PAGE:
Reflecting on the Toronto Women’s Bookstore

The Toronto Women’s Bookstore (TWB) was always political.
It began in 1973 as some shelves at the Woman’s Place. After sharing space In Kensington, the Toronto Women’s Bookstore moved to its first stand-alone home at 85 Harbord St, early in 1975.

By 1983, it had already become a beloved institution in Toronto’s feminist community. During this same period, the pro-choice struggle was a central issue within feminist activism. Throughout, the bookstore supported the Morgentaler Clinic, which was located directly above the bookstore. Our customers were often hassled by anti-abortion zealots who demonstrated in front of the clinic and in front of the bookstore. One evening, one of them tried to throw a firebomb into the clinic, missed and destroyed the Toronto Women’s Bookstore instead.

Photo of the Toronto Women’s Bookstore staff on the steps of the Ontario Legislature at Queen’s Park during the August 1983 rally following an attempt to firebomb the Morgentaler Clinic located in the same building.

The tremendous support from the feminist movement for TWB was immediate and permitted us to move to our permanent home at 73 Harbord Street, where it remained until 2012.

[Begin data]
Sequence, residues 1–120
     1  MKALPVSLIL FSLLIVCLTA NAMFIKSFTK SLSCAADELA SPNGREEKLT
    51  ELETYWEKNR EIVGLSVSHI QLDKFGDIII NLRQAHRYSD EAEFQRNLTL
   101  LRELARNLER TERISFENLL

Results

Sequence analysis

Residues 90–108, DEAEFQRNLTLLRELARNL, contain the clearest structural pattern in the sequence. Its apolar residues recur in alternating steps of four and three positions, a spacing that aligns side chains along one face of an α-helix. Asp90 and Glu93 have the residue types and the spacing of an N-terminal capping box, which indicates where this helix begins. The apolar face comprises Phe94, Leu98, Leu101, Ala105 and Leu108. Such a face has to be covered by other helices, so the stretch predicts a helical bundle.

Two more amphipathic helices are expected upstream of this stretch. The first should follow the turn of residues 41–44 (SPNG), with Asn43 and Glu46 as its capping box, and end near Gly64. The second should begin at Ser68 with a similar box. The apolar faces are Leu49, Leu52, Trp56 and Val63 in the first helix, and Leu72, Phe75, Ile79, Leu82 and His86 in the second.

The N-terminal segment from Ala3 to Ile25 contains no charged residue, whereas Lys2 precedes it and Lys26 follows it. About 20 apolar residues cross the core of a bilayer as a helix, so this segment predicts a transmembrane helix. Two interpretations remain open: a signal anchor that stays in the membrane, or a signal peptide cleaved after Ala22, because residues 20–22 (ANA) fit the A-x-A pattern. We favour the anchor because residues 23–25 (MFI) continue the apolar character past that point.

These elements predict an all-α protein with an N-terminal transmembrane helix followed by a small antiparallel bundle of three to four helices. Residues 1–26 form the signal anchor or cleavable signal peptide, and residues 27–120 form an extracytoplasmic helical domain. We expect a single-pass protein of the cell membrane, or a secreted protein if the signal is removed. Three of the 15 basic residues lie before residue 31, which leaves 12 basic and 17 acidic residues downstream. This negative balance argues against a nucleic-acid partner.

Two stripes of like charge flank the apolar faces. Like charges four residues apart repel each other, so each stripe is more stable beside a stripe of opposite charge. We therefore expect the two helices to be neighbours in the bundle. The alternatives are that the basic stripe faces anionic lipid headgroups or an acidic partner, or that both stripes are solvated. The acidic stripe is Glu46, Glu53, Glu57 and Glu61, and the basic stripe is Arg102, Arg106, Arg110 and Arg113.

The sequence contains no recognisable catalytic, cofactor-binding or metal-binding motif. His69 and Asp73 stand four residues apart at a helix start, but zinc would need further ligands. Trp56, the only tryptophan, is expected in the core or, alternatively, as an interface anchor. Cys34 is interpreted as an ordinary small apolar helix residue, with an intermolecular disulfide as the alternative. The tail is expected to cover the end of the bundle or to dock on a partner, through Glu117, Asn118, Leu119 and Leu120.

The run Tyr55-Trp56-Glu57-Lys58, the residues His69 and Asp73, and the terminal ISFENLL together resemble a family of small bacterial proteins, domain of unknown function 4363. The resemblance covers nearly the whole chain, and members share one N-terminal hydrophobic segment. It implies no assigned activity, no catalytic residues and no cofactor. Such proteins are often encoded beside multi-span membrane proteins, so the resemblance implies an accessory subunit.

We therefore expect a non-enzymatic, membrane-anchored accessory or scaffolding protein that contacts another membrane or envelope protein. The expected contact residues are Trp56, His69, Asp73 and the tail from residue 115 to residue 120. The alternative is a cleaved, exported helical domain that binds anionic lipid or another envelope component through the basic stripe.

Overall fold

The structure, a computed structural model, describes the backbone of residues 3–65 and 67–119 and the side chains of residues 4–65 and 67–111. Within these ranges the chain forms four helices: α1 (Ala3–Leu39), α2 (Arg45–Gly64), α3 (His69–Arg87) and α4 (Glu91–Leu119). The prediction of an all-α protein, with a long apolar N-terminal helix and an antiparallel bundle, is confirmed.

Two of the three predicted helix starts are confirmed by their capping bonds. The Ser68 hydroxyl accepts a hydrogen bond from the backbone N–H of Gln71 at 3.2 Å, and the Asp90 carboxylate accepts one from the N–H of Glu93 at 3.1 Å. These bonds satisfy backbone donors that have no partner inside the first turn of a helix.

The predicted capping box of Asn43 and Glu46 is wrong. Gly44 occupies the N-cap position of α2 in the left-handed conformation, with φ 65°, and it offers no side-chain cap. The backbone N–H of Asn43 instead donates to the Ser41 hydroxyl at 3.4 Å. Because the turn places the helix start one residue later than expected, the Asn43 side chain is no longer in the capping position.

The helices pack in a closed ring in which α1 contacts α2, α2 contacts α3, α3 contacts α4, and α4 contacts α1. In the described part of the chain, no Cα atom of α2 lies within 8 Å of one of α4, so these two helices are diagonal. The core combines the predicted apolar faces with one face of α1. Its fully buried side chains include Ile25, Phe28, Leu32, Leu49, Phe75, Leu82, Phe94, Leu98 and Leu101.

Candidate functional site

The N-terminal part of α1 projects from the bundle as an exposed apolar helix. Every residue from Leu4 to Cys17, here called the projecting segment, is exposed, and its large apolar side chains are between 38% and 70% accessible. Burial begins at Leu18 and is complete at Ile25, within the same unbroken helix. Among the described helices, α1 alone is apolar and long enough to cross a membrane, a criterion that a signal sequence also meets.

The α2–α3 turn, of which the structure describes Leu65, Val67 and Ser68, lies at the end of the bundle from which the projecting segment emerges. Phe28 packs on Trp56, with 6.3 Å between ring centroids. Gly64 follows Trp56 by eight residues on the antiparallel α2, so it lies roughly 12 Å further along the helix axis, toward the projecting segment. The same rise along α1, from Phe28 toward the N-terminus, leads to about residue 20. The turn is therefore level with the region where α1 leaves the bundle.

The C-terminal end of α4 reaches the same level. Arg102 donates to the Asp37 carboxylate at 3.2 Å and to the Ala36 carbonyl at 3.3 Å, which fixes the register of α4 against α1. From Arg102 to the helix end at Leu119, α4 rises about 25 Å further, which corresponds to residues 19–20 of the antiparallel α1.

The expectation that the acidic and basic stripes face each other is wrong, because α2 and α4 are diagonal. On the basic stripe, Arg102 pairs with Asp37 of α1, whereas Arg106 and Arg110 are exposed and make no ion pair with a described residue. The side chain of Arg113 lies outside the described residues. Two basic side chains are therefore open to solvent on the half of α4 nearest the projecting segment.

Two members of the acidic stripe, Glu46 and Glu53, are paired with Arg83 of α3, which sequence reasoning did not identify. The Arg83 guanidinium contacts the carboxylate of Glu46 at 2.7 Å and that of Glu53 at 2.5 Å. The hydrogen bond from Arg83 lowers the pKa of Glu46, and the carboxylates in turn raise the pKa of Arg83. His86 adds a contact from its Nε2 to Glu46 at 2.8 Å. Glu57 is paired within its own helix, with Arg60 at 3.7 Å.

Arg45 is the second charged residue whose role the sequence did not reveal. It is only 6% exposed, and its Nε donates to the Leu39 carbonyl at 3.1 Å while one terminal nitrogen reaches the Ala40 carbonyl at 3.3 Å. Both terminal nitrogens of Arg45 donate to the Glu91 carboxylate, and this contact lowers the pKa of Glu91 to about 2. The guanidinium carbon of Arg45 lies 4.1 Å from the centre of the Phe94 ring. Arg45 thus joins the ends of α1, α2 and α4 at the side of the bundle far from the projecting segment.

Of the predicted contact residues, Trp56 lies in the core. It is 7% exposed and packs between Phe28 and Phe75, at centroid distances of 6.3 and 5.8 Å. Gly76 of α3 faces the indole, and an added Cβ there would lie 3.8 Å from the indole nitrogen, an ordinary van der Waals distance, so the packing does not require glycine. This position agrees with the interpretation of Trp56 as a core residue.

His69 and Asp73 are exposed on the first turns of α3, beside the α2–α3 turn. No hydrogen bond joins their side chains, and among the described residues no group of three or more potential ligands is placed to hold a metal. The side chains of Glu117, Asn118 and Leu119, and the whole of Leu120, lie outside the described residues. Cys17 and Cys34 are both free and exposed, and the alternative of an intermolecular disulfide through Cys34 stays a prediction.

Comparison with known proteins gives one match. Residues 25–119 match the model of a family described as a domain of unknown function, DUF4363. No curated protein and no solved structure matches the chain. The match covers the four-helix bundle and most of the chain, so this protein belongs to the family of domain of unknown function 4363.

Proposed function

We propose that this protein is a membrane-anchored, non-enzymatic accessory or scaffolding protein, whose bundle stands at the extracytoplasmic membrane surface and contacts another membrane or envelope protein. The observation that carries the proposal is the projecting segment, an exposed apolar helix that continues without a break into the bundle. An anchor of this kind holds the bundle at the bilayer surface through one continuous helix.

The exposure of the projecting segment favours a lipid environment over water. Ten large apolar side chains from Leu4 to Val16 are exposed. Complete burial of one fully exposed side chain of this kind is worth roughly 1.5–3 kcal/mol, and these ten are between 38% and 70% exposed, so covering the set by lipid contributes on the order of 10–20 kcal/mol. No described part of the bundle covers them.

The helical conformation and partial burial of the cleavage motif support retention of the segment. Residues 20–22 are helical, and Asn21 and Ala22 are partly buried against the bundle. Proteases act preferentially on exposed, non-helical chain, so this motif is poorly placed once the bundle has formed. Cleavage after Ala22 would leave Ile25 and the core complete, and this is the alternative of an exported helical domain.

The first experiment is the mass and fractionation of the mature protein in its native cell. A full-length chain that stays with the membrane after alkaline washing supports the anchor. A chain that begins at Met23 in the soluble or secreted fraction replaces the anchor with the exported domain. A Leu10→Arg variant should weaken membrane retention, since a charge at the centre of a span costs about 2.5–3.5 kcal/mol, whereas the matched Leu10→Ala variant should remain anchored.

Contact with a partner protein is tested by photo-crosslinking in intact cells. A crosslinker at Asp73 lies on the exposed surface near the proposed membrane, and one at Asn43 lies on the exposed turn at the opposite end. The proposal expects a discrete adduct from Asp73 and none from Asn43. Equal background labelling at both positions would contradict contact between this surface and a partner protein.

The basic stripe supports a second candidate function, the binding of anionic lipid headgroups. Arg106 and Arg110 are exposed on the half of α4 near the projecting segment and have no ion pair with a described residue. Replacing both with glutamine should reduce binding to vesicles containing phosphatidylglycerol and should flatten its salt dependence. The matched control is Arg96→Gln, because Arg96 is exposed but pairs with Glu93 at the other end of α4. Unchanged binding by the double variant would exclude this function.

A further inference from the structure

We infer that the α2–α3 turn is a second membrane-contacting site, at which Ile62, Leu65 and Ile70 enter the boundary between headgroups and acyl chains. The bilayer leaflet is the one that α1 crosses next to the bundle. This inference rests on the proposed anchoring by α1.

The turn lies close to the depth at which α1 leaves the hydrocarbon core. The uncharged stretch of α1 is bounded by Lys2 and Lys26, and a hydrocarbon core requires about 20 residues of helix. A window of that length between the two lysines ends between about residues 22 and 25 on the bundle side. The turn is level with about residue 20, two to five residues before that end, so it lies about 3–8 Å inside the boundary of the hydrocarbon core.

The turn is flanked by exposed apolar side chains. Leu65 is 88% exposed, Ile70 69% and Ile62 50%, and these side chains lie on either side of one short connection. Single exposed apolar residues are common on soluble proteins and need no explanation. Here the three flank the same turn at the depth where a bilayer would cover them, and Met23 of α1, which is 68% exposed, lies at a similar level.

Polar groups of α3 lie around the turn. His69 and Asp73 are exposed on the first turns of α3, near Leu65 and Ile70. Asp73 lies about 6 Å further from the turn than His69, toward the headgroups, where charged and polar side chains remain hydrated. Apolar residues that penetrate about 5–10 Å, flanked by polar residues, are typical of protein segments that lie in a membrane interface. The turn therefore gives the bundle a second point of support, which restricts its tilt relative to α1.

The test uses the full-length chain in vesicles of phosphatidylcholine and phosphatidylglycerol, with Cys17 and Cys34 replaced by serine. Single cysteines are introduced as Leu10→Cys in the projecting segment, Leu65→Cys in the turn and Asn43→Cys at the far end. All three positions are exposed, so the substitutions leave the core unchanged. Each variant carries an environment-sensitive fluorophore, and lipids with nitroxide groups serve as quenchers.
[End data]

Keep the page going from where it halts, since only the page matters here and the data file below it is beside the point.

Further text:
Button showing the phoenix of the bookstore rising from the ashes after the 1983 firebombing of the Morgentaler abortion clinic

May Lui was a customer service and administration casual worker for a year, then became co-manager with Anjula Gogia in 1997. This was a time of revitalization for TWB. 1998 was the 25th anniversary of the bookstore. We planned new programs and community connections to celebrate this new stage. In the fall of 1998 famed US author Alice Walker was on tour with her new book By the Light of My Father’s Smile, and TWB organized the launch in Toronto. Tickets to the event were sold out, and the event itself was a huge success, the biggest event in TWB’s history.

We started a monthly book club open to everyone at low cost. We invited instructors to pitch four-week classes on different topics related to women, books, and social issues. Based on some of the content, and the preferences of the instructors, some courses were open only to women of colour.